After years of studying the denning behaviors of polar bears and testing the ability to find dens hidden under the snow, two things are clear:
First, a stable and uninterrupted denning process is essential to the survival of polar bear cubs. Cub loss was a leading factor contributing to the 40 percent decline of the Southern Beaufort Sea polar bear population between 2000 and 2010.
Second, aerial FLIR (forward-looking infrared) surveys, conducted by the oil and gas industry to locate and hence protect maternal dens from disturbance, have been missing over half of the polar bear dens known to be within surveyed areas.
The low den-detection rates have direct relevance to the current U.S. Department of Interior proposal to allow hydrocarbon exploration and development on the Coastal Plain of the Arctic National Wildlife Refuge—the highest density denning area for the Southern Beaufort Sea polar bear population.
Decades of experience
These findings appear in a new research paper published in the journal PLOS ONE. Led by Dr. Tom Smith of Brigham Young University, the study was a collaboration with three scientists from Polar Bears International: BJ Kirschhoffer, Geoff York, and myself.
The four of us have decades of experience in polar bear research, including my more than 30 years as Polar Bear Project Leader in Alaska for the U.S. Geological Survey, where my work included studies of the Southern Beaufort Sea bears. Rapid loss of sea ice in the Southern Beaufort Sea has resulted in decreased cub survival and fewer cubs being born, highlighting the need to enhance the protection of maternal dens.
Pregnant polar bears dig dens in snow drifts that form in autumn. They give birth in mid-winter and remain in their dens until spring when their cubs are finally large enough to survive the rigors of outside Arctic conditions. While denning, polar bears are unable to simply move away from a disturbance without substantial risk to newborn cubs.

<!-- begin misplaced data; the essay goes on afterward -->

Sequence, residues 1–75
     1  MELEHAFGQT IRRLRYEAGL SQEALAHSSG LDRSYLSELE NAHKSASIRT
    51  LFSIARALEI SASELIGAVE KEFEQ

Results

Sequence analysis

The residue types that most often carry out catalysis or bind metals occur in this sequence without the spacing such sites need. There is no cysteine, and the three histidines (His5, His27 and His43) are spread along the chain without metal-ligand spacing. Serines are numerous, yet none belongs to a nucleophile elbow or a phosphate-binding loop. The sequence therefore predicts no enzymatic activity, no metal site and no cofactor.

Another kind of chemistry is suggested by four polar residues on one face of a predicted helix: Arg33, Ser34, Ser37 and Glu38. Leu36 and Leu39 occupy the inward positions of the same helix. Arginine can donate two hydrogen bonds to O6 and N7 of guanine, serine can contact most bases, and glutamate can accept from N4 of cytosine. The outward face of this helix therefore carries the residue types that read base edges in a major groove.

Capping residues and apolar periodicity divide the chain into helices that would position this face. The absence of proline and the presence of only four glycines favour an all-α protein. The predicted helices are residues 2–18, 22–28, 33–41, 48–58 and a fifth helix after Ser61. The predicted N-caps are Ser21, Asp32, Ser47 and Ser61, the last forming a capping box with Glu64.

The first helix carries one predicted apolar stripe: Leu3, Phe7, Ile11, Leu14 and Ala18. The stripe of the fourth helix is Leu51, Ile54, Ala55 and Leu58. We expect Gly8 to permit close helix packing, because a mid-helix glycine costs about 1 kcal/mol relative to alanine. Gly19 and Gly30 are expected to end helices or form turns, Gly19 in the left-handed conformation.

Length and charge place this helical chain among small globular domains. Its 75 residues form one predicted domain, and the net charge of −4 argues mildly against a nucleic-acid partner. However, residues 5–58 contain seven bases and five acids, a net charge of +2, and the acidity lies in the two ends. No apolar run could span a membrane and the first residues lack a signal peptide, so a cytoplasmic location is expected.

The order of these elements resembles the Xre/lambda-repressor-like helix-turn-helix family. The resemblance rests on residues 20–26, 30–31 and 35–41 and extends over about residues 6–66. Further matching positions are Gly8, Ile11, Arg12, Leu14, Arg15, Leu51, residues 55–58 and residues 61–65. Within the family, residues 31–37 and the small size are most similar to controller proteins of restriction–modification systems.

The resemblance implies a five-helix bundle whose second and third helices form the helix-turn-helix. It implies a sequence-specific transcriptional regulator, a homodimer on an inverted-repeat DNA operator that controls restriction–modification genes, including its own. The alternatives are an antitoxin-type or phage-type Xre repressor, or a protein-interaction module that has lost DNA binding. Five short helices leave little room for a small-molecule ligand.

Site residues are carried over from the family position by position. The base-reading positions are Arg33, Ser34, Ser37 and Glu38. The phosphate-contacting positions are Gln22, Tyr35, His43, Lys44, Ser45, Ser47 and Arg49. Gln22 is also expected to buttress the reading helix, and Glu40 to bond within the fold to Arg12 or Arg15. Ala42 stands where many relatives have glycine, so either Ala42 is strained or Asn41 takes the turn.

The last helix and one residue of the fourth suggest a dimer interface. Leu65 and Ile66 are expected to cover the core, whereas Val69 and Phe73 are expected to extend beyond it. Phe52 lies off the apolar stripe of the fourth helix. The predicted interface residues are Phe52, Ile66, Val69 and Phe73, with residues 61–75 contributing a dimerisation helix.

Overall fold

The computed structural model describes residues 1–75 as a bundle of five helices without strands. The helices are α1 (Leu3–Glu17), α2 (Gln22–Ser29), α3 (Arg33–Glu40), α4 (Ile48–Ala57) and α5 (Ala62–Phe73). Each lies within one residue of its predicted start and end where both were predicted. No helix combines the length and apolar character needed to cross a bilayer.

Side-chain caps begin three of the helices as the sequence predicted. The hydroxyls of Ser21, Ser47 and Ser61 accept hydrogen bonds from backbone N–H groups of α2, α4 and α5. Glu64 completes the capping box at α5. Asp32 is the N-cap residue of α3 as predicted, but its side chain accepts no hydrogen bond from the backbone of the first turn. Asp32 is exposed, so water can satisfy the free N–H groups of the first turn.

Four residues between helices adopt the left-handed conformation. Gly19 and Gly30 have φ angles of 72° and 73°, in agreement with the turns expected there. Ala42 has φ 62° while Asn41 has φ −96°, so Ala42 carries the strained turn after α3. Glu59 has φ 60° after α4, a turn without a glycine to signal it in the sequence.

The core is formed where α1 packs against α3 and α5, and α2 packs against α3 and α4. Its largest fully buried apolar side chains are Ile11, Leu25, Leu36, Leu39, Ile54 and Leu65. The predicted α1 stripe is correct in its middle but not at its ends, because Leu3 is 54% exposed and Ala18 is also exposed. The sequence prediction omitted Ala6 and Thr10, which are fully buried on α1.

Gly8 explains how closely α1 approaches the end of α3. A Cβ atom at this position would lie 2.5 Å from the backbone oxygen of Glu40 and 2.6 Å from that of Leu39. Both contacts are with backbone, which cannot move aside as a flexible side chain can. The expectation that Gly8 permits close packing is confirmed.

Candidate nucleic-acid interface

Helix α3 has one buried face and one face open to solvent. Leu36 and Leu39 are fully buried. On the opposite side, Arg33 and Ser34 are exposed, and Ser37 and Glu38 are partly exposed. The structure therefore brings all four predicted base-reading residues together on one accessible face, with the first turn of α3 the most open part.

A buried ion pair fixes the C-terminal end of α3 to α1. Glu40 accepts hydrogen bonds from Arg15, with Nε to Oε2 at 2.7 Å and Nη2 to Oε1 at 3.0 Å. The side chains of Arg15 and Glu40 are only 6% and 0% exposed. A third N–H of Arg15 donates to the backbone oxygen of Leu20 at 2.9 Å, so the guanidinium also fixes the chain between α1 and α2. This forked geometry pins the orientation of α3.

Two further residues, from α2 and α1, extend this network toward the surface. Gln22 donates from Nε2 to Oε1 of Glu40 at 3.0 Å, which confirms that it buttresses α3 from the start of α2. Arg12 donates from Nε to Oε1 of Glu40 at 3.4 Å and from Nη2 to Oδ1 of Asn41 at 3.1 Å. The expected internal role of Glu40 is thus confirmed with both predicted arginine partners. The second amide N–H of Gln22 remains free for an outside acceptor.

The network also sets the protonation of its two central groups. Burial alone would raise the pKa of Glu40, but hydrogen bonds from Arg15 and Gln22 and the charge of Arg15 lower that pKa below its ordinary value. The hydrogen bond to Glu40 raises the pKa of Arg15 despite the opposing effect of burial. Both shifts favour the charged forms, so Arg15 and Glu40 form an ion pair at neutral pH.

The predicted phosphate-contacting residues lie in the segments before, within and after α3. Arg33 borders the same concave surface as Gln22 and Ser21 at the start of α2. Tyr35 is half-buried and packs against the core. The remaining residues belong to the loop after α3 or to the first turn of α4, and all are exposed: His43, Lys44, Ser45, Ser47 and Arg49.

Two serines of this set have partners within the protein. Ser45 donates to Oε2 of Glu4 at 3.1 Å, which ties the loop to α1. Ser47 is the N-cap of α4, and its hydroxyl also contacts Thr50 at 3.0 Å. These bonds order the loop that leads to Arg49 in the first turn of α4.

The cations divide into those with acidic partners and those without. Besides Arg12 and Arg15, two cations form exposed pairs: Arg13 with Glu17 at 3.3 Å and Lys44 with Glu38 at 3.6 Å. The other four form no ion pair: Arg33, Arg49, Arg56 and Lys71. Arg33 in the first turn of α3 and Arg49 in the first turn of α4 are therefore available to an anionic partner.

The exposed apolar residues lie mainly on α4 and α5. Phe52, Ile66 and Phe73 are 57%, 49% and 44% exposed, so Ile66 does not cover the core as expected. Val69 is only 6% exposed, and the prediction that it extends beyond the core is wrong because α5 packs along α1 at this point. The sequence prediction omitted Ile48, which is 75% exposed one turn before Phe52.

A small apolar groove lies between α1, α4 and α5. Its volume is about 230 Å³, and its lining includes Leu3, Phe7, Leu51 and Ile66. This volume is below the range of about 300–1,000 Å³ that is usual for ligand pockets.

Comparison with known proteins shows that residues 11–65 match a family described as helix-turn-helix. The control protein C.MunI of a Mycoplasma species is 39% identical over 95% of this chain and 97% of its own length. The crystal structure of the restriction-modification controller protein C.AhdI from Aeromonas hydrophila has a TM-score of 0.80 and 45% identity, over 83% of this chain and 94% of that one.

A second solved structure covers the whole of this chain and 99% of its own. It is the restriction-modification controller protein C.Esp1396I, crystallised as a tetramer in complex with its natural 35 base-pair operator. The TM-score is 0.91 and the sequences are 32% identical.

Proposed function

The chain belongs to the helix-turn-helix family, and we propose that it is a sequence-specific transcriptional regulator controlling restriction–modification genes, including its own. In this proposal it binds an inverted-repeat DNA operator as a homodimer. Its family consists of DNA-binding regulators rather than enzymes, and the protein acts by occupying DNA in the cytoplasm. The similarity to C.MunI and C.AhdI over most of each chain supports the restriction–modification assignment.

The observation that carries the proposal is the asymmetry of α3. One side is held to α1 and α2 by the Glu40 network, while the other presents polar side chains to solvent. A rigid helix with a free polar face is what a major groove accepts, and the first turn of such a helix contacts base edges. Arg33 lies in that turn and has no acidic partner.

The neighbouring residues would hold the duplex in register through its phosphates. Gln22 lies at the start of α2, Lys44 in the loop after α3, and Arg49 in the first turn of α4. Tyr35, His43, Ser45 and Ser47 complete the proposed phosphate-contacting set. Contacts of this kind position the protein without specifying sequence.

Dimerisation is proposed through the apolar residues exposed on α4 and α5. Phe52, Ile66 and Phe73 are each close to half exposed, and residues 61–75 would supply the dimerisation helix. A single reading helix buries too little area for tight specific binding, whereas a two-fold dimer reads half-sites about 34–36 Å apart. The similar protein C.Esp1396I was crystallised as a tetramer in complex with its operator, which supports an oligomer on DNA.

New study shows limitations
I led the original testing of whether FLIR imaging could detect otherwise invisible dens in mid-winter and meet the challenge of locating dens so that they can be protected from possible industrial disturbances. Working under optimal conditions where den locations were known, we found that FLIR imagery can detect many dens under the snow but cannot detect all dens and has many shortcomings. Subsequent research emphasized those shortcomings.
Our new study shows that in real-world conditions in actual practice, FLIR success rates are unacceptably low. Our team evaluated results of FLIR surveys conducted by oil-field operators between 2004 and 2016, finding that only 45 percent of known dens were detected—meaning that more than half, or 55 percent, were missed. Although our paper points out that FLIR survey efficacy could be increased by following previously published operational guidelines, we concluded that weather and other factors, including den roof thickness, have always limited the effectiveness of FLIR and that accuracy of FLIR surveys is likely only to decline as global warming continues—bringing with it more humid and unpredictable weather.